There is an economic logic, then, to thick, dense places. But what are the possible architectures of density? In the last 40 years, architecture has progressed so that density can be achieved in a far broader range of forms than the iconic 1960's-style skyscraper. In at least four ways, however, public understanding lags behind what can be built.
It is still common to think that horizontality is more or less incompatible with density and verticality: Los Angeles is exhibit No. 1, followed by sprawling developments across the country. There is no necessary link between horizontal building and “thin” environments – think of any medieval city – but we Americans have become accustomed to equating “flat” and “thin.”
That belief feeds into a second notion, that horizontality is something that happens only at ground level.
A third notion is that verticality means upward, shooting skyward, rather than digging below the ground. True, underground space in New York does not have too good a name: we are inclined to flee our most familiar underground space, the subway, for good reason. But cities as diverse as Moscow, Montreal and Tokyo have made good-quality, usable underground space for transport, shopping and cultural events, in ways that address basic issues of safety, evacuation and ventilation.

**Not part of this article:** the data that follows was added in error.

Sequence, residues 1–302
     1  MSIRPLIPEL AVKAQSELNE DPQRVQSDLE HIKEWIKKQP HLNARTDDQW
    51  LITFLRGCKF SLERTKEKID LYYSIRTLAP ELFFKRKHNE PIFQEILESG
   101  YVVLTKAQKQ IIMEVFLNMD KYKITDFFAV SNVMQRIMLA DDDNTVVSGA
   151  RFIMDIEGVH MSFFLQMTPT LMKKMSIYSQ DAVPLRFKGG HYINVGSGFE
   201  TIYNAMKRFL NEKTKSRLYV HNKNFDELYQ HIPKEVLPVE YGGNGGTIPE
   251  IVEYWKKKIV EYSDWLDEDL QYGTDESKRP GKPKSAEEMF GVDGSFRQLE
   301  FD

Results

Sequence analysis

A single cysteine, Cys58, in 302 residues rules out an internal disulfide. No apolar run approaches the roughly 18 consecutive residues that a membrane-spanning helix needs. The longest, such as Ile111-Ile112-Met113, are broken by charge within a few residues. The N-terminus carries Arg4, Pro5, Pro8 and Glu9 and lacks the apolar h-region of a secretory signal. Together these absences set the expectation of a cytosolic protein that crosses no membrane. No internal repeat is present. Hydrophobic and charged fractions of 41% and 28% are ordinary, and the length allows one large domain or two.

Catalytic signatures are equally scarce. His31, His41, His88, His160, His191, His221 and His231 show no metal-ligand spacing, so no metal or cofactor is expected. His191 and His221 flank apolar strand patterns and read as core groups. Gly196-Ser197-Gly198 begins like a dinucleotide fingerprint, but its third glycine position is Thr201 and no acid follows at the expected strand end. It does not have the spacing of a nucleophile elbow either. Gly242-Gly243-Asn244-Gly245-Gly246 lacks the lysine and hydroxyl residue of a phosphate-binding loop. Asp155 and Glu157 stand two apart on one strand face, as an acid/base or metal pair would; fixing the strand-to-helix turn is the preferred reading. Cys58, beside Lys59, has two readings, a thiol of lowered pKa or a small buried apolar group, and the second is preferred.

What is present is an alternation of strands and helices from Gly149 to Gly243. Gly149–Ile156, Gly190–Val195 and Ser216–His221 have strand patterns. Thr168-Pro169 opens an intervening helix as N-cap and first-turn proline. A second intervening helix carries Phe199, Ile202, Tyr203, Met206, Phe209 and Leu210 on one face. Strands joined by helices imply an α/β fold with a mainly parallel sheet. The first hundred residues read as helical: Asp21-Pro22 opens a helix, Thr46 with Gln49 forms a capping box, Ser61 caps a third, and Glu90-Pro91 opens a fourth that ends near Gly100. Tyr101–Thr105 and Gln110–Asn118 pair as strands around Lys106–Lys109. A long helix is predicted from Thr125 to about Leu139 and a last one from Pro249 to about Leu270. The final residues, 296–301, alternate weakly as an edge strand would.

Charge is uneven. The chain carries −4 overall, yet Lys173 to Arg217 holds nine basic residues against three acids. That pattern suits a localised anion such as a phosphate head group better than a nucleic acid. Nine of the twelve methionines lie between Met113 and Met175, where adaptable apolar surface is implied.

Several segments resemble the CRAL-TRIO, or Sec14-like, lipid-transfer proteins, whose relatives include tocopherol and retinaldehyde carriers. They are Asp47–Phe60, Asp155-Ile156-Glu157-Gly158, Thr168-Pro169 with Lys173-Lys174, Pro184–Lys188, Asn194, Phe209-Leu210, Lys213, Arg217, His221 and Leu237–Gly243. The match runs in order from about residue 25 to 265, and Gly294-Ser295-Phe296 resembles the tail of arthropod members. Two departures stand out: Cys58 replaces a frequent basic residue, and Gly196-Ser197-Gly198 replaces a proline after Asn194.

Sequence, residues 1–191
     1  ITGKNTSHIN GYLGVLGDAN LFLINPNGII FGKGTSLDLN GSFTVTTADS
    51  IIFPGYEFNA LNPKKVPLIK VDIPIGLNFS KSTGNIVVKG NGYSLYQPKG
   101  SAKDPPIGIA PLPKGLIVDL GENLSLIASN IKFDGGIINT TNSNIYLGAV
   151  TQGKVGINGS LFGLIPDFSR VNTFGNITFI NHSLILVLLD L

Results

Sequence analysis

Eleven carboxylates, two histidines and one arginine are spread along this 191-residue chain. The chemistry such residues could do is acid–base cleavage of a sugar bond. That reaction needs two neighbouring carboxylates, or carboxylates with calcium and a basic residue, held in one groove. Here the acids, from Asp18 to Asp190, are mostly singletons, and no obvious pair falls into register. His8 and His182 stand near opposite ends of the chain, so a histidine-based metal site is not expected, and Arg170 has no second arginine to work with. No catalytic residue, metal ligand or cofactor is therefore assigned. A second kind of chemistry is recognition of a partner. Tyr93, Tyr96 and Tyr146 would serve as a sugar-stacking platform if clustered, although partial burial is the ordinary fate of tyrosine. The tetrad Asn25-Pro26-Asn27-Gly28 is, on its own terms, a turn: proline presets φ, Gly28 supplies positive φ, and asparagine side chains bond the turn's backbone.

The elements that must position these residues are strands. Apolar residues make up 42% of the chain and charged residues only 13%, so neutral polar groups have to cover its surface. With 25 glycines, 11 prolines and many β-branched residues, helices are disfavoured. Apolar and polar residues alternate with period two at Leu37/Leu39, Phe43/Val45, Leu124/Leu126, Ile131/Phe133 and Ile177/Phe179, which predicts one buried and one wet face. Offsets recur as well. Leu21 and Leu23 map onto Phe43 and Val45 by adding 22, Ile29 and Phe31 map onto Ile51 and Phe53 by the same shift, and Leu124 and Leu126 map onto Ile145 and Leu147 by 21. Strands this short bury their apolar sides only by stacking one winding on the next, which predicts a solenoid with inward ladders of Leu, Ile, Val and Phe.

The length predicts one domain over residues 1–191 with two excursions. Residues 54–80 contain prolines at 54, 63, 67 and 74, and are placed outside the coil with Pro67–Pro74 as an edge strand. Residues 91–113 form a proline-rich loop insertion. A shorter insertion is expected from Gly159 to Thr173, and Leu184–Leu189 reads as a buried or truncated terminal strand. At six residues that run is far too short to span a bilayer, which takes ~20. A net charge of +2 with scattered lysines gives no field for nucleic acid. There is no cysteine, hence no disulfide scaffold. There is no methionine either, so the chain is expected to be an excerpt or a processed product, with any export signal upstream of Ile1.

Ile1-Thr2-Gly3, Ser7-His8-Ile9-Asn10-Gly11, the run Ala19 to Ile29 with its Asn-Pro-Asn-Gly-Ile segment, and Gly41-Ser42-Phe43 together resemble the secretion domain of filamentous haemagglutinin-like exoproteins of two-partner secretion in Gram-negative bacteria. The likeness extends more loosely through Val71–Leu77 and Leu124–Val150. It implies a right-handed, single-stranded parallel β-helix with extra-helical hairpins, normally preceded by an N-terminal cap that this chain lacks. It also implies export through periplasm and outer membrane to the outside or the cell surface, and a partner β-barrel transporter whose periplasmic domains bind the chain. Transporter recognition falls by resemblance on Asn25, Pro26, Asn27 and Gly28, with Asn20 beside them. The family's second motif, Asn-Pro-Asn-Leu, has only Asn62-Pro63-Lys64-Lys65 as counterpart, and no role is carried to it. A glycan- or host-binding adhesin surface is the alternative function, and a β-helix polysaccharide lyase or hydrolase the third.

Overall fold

Finally, tall, high-density buildings have become associated with dead public space at ground level. New York has plenty of examples from the 1980's and 90's, but in that same period Frankfurt pioneered in making lively public space at the bottom of its skyscrapers.
Poor architecture continues to reinforce old notions about density. Yet each of these four elements can be reconceived. Architectural horizontality has taken on a whole new importance at a time when economic, cultural and political networks that operate horizontally rather than hierarchically have been recognized as crucial. Today we can think of high-density, networked horizontal spaces high above the ground. One important study conducted at the London School of Economics found that there was no one-to-one correlation between height and density: three 30-story buildings do the same work as one 90-story structure. Thirty-story buildings are also more adaptable to new uses, and in that sense they can have a longer economic life. They also allow for more commercial activity at street level.